On Tuesday, August 4th 1914 at 11pm, Great Britain declared war on Germany. In the preceding days, tension across Europe had been escalating and the heightened situation was followed closely by the local papers, reporting extensively on the mobilisation and outbreak of war between Germany, and Russia and France.
The Birmingham Post reported that diplomatic relations had broken down on Monday night between France and Germany. Baron von Schoen, the German Ambassador in France, had declared in an official letter that France had flown over German territory and that Germany considered this an act of war.
The article goes on to state:
Before his departure [from Paris] Baron von Schoen handed to M. Malvy a Note declaring that Germany considered a state of war existed between Germany and France.
When Germany demanded to send troops through Belgium into France, Britain protested and called for Germany to respect Belgian neutrality. The response from Germany was unsatisfactory and an official statement was issued announcing a state of war between Britain and Germany.
The need for more men to join the army was clear, and the Birmingham Daily Mail was quick to encourage patriotism amongst the inhabitants of Birmingham. They called for men to do their duty by publishing recruitment notices on their front page.
The mobilisation of British troops had already begun before the formal declaration of war was made, with Reservists and Territorials being called up for service. The Birmingham Mail reported the present mobilisation will make a very considerable demand upon the police forces, the fire brigade, railway employees, tramway servants, the Gas Department, postal officials and commissionaires while most of the manufacturers in Birmingham have Reservists or Territorials in their employ.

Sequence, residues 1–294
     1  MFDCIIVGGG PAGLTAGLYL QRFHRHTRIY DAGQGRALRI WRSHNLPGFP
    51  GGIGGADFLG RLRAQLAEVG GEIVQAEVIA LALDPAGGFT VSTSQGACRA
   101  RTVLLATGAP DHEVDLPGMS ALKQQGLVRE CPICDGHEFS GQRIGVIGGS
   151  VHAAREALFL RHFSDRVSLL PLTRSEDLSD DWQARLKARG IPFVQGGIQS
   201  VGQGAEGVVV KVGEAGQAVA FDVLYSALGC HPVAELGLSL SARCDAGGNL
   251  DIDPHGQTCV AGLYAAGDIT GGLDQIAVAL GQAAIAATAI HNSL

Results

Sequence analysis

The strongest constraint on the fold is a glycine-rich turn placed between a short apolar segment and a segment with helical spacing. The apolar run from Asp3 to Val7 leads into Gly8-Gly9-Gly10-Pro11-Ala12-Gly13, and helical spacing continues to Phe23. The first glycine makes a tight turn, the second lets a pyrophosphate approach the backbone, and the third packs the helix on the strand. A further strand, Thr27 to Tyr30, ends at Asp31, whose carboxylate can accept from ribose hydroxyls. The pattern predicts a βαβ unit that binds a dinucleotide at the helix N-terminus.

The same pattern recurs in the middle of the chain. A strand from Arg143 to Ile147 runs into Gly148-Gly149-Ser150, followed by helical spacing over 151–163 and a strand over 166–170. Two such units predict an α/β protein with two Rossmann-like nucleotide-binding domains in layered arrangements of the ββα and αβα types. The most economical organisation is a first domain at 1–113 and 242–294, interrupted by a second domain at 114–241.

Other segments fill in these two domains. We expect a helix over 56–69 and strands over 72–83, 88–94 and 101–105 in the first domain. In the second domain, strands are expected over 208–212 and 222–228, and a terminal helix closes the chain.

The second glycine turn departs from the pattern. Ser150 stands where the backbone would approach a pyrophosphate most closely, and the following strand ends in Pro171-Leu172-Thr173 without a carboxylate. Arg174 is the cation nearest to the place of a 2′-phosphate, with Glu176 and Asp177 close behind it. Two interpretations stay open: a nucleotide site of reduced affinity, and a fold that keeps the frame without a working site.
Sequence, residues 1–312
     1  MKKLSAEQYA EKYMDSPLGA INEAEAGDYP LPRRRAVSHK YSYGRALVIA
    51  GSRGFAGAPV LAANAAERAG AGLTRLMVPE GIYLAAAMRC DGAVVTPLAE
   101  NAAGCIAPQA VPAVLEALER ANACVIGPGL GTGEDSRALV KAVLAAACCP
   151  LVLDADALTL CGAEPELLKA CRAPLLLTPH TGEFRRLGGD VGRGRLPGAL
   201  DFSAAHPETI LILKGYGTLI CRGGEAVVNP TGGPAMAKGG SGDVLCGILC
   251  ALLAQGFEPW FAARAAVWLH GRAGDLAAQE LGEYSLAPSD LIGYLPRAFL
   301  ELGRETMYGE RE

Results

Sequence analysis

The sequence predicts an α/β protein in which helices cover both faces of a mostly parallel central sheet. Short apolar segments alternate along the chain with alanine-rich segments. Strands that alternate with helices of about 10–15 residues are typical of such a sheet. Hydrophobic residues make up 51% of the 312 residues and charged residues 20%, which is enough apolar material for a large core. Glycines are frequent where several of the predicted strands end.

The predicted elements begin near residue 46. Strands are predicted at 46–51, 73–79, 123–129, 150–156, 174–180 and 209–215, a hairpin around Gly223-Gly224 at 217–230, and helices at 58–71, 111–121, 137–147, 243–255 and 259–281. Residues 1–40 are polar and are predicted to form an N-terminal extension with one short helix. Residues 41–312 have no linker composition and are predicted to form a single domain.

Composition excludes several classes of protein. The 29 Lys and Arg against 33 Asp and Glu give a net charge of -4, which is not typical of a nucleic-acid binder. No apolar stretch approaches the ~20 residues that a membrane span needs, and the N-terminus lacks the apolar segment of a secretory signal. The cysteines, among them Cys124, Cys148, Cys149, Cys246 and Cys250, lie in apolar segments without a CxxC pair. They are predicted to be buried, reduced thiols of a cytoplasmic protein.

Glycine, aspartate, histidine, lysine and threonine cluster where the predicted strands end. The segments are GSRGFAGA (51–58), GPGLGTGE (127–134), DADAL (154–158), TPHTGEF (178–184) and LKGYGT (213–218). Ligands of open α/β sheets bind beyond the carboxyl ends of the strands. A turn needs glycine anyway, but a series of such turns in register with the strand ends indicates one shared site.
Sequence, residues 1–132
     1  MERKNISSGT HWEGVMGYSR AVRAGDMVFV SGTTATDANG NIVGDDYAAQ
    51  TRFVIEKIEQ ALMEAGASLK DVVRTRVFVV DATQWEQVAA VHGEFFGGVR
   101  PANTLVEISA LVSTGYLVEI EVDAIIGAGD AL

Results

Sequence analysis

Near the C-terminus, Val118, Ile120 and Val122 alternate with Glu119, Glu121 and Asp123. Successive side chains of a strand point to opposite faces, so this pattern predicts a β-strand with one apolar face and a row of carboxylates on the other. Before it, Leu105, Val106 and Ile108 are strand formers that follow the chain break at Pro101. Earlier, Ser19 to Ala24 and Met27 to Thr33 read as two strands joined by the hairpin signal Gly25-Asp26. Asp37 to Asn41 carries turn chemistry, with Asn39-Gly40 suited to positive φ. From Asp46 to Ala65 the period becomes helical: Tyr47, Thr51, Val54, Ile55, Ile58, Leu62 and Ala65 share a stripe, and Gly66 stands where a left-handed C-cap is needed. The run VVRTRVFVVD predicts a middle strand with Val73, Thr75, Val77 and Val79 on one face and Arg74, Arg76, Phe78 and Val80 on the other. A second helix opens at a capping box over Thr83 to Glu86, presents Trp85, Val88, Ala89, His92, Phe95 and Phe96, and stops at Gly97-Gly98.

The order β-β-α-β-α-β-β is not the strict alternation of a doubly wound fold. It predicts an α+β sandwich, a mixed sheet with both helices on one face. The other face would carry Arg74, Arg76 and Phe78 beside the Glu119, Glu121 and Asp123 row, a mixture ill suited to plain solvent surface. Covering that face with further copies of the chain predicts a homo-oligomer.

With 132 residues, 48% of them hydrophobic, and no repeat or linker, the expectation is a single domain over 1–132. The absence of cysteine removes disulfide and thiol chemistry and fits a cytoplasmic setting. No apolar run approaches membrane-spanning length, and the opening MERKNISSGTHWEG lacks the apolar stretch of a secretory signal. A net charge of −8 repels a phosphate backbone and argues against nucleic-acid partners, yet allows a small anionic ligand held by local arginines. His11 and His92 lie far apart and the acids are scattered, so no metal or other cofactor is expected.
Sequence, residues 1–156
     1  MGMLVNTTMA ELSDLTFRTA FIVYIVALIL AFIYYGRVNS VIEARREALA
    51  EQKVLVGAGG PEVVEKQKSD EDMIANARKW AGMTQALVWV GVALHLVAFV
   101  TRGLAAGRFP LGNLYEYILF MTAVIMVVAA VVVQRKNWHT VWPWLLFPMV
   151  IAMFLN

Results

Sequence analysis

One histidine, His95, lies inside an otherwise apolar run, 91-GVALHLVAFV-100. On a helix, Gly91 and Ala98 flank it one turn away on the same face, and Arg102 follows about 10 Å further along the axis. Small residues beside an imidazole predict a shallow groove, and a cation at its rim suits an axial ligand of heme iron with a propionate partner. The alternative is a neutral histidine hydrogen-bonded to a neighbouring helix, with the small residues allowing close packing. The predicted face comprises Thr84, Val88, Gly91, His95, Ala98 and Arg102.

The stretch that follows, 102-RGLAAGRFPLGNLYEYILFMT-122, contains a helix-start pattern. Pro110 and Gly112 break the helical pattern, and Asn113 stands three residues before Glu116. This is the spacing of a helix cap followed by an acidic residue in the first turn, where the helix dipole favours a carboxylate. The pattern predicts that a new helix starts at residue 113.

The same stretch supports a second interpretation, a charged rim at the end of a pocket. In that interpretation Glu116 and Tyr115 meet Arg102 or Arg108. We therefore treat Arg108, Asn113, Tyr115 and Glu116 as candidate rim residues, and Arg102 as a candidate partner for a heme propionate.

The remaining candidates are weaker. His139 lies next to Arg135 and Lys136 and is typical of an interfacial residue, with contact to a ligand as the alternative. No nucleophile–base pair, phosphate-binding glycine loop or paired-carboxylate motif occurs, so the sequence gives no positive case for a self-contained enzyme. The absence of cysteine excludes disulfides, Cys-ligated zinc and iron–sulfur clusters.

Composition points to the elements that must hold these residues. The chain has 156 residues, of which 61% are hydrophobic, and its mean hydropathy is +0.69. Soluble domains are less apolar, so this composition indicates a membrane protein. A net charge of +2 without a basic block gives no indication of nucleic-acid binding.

The minutes of the Gas Committee for 17th August 1914 (BCC 1/AY/1/1/25) show the effects of war were already starting to impact on the City. Several companies who the Committee had business with were being drawn into war work, not least affecting their supply of leather goods which were being diverted to the army and navy. Also of concern was the disposal of what was presumably the by-products of extracting gas, which had a market across Europe. Understandably these markets were becoming inaccessible, as was the valuable income earned from its sale. Their stocks of fluid for the mantles was shipped in from Germany. As with other departments across the Council, it was agreed that financial help be given to the families of its employees who joined the services. It was also agreed to keep their jobs open for them while on duty, however sadly not all of them would return.
Nicola Crews, Archivist